Boosting the development of new crop protection products for agriculture and forestry

Published on
March 5, 2014

The goal of the BIOCOMES collaboration project is to develop eleven new biological crop protection products. “These new products will have a central position in Integrated Pest Management for European farmers, horticulturalists and foresters,” says project leader Jürgen Köhl of Wageningen UR (University & Research centre).

BIOCOMES stands for Biological control manufacturers in Europe develop novel biological control products to support the implementation of Integrated Pest Management in agriculture and forestry. It brings together product manufacturers, research institutes and consultancy agencies to work on the registration of crop protection products in a project that is partly financed by the European Union.

“Europe is compelling member states to participate in Integrated Pest Management,” says Köhl. “This means that growers should use prevention and monitoring to reduce the chance of diseases or plagues. The EU also states that growers must first look into biological control methods should crops be affected. Unfortunately, there is still a major shortage of such products.”

Offer and demand

When the demand is substantial and the supply still small, one would expect the market to respond on its own. “The market for biological crop protection is indeed growing by 15% a year,” Köhl continues. “Nevertheless, it is good that the European authorities are stepping in. There are many small and medium-sized producers active in this field, and the development and registration of crop protection products is an expensive and complex issue for them. Collaboration and support from the government can provide an important boost.”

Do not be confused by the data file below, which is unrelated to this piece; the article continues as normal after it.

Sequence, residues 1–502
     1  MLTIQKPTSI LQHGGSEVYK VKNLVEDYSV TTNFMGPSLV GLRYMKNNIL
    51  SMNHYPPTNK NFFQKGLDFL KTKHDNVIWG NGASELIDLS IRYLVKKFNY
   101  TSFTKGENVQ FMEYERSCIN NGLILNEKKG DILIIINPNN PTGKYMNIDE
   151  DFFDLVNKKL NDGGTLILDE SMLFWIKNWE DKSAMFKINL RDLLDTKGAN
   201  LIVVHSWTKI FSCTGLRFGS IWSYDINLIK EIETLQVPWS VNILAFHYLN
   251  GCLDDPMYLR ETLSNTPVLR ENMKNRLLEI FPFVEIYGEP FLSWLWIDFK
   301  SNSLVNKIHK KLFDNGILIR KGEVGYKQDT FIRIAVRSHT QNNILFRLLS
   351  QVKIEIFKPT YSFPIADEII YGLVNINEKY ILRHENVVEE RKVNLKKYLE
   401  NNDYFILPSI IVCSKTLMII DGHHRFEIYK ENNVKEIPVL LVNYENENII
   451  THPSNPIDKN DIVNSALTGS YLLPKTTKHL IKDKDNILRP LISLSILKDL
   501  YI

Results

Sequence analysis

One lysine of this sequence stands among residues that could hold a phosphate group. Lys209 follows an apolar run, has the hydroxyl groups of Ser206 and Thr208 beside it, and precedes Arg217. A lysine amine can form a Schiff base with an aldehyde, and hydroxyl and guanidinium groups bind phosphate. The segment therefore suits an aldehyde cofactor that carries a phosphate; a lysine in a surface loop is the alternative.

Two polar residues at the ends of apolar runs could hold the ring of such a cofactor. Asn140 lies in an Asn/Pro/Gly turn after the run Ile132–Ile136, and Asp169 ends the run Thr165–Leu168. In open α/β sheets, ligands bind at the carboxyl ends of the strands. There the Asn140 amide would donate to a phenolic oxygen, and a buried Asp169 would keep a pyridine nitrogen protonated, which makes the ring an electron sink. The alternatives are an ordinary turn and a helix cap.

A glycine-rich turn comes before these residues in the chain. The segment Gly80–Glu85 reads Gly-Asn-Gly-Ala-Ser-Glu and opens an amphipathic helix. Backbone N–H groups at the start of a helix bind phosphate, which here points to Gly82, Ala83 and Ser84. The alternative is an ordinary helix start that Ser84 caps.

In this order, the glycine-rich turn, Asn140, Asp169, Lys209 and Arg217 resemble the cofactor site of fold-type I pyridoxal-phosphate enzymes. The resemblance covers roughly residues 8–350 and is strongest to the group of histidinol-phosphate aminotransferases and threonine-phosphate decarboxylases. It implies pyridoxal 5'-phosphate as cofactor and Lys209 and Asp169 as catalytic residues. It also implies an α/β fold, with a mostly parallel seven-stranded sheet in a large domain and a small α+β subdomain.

Macrobials and microbials

The eleven products that should be realised in the BIOCOMES project include two so-called macrobials: useful insects that combat harmful organisms. The nine other products involve microbials, which may involve viruses, bacteria or fungi that control pathogens such as fruit rot or insects such as the large pine weevil in forestry.


Although some of the manufacturers involved already had products at the development stage they do not object to working on the further development within a consortium, Köhl explains. “The benefit for them, for instance in the field of shared expertise with regard to registration, is many times larger than the disadvantage of competitive risks. And the collaboration obviously includes a proper consortium agreement.”

Billions of nematodes

One of the partners in BIOCOMES is German company e-nema, which is currently producing the product Dianem®, among others. “This is based on the nematode Heterorhabditis bacteriophora,” says Ralph Udo Ehlers of e-nema. “It is used in countries such as Germany, Austria and the Netherlands to combat the Western corn rootworm  in maize. Dianem serves as an alternative for products such as the neonicotinoids which have been banned in maize cultivation by the EU. However, we currently have difficulty competing with other chemical products on the market. Two billion nematodes per hectare of maize is required for sufficient protection.”

Within the remit of BIOCOMES, e-nema and its partners are aiming to improve technology involving the nematodes to such an extent that they can be produced more efficiently. “Only then will the costs of this type of biological pest control be sufficiently competitive to the chemical alternatives,” Ehlers concludes.


Jürgen Köhl points out that not all eleven products will be commercially available at the end of the four-year period reserved for BIOCOMES. “Often a registration procedure is required, but we expect to have taken the most crucial steps by the end of the four years. At the same time it is hard to predict how things will go with biological crop protection. By definition, this type of applied biology is much more complex than a ‘simple’ crop protection product based on the effect of a single chemical. It is clear nevertheless that the development has a future. It is not only required by the European Union: the retail sector and consumers also demand products with a minimum of chemical residues.”